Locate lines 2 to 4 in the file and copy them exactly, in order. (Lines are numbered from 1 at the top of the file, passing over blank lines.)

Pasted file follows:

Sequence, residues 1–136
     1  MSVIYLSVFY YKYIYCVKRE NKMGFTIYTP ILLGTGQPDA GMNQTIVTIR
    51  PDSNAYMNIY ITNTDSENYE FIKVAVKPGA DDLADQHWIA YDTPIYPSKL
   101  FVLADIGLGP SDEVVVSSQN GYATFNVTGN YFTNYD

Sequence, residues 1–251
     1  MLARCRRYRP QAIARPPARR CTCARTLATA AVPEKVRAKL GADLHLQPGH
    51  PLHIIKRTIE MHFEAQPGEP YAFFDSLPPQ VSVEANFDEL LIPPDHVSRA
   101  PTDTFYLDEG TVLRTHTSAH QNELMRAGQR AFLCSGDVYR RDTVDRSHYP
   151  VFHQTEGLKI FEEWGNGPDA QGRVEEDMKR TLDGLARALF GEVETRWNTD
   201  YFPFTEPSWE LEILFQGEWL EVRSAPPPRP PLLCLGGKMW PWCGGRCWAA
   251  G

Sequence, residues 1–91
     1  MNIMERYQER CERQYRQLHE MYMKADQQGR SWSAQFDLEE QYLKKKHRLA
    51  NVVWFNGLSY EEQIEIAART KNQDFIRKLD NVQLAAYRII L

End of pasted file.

     1  MSVIYLSVFY YKYIYCVKRE NKMGFTIYTP ILLGTGQPDA GMNQTIVTIR
    51  PDSNAYMNIY ITNTDSENYE FIKVAVKPGA DDLADQHWIA YDTPIYPSKL
   101  FVLADIGLGP SDEVVVSSQN GYATFNVTGN YFTNYD